STARS Patient Information


Diagnosing the underlying causes of syncope can be a challenge. The process of diagnosing the causes of your faint and other symptoms should always start with a thorough medical history.  There are different diagnostic tests which may be performed by your doctor depending on your symptoms and age:

Electrocardiogram (ECG or EKG)

Over the years, the ECG has been developed to become one of the most important tests in the investigation of heart-related problems. It can help a doctor understand the possible role of the heart in a person’s symptoms or problem.

If you are suspected of suffering with unexplained blackouts or a related condition, then your specialist or doctor may ask for this test. Every patient presenting with blackouts should undergo an ECG. A resting ECG is an important test as it may help to rule out many underlying heart conditions.

The test is painless and harmless, recording electrical impulses that come from your heart. At no point does this put electricity into your body, or cause any side effects. An ECG test takes about five minutes. Electrodes (small sticky pads) are attached to your arms, legs and chest and the wires lead to the ECG machine. The machine can then read what is happening to your heart and record the information onto paper. Through the different electrodes the ECG gives 12 different electrical pictures of the heart. For this reason it is often also called a ‘12 lead ECG’.

The ECG will tell the specialist whether your heart rate is very fast, very slow or irregular. It is common to have more than one ECG recorded while being investigated for blackouts. This gives individual clinicians a chance to review a fresh test to give their own opinion on the heart trace. This also can help if the trace is slowly changing over time.

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24 Hour ECG Monitor

If you are experiencing unexplained blackouts, then it may be necessary for you to have a continuous ECG over a longer period of time, often 24 - 72 hours. You would be given a small monitor to wear all the time and this would be able to detect any abnormal heart rhythms that may come and go during that period. Sometimes this may even go on for seven days. If your specialist requires this test you will be given a supply of the electrode stickers so that you can remove the machine to allow you to wash yourself. It is a good idea during this period to record your activities and any problems that you have. This will enable your doctor to compare your ‘diary’ with the ECG trace recorded by the monitor. This may identify the reason for your blackouts.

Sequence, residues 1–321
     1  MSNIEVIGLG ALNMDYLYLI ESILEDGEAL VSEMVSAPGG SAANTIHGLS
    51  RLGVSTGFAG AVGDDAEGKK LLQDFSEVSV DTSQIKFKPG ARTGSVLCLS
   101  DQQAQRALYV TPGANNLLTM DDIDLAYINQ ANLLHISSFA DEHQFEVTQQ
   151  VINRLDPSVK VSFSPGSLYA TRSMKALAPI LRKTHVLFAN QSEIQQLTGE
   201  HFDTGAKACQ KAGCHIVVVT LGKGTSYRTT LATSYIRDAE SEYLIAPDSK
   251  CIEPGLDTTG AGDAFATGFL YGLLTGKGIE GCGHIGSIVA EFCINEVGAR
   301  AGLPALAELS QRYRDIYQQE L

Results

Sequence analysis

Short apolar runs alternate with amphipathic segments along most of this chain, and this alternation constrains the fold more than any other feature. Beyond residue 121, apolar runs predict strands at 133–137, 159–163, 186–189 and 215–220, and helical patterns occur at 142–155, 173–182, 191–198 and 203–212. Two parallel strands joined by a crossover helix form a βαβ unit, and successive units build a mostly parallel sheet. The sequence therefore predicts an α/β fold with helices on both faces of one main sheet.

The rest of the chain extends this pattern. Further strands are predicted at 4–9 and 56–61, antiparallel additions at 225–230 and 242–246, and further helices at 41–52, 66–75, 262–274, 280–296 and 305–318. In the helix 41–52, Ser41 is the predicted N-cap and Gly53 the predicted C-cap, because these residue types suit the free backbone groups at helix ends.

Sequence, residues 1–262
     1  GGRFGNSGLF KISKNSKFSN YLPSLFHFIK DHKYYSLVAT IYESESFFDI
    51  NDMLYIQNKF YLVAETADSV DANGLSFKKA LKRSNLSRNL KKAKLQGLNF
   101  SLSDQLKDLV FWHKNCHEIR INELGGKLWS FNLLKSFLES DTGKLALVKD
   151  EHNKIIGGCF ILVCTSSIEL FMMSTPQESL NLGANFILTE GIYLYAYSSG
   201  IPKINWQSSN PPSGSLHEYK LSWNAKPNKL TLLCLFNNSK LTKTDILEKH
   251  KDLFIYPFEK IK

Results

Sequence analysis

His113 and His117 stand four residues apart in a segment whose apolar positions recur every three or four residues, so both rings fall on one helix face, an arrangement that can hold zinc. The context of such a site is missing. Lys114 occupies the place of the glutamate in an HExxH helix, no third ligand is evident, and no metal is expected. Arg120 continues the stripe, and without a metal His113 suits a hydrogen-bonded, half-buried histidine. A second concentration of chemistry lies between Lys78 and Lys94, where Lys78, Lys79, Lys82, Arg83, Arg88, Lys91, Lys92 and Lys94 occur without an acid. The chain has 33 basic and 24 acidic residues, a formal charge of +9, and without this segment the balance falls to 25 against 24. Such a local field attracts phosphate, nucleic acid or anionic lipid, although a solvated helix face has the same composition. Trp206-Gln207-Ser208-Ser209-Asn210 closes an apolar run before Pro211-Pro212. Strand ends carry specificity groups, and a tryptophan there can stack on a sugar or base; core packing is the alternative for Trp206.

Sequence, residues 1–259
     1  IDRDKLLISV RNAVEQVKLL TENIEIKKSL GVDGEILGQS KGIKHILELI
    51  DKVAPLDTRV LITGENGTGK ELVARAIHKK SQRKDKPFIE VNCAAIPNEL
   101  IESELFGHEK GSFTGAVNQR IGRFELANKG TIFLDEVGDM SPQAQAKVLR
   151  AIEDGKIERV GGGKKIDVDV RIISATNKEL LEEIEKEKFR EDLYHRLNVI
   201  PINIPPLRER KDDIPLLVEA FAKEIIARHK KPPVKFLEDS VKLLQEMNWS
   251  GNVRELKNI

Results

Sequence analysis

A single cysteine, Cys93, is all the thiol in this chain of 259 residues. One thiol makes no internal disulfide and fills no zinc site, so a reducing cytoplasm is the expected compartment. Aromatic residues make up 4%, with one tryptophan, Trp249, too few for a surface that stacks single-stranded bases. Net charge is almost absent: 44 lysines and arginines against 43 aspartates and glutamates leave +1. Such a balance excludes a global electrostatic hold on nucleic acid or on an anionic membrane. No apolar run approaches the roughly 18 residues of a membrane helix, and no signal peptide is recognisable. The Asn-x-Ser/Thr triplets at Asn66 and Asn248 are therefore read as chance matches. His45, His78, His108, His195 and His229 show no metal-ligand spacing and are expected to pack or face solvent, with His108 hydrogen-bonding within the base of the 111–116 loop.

Implantable Loop Recorder (ILR)

If a doctor is unable to diagnose what is causing your symptoms with an ECG and a 24 hour monitor, then they may consider an implantable loop recorder (ILR).

An ILR is used to monitor heart rhythms for months at a time if the episodes are less frequent than every 30 days. The device can remain in place for up to three years.


Tilt Table Test

A tilt table test is a diagnostic test to help establish the cause of fainting and falls which will then help the doctor find the best treatment for you.

The reason for the test is to reproduce your symptoms of nausea, dizziness and even fainting whilst you are monitored closely.

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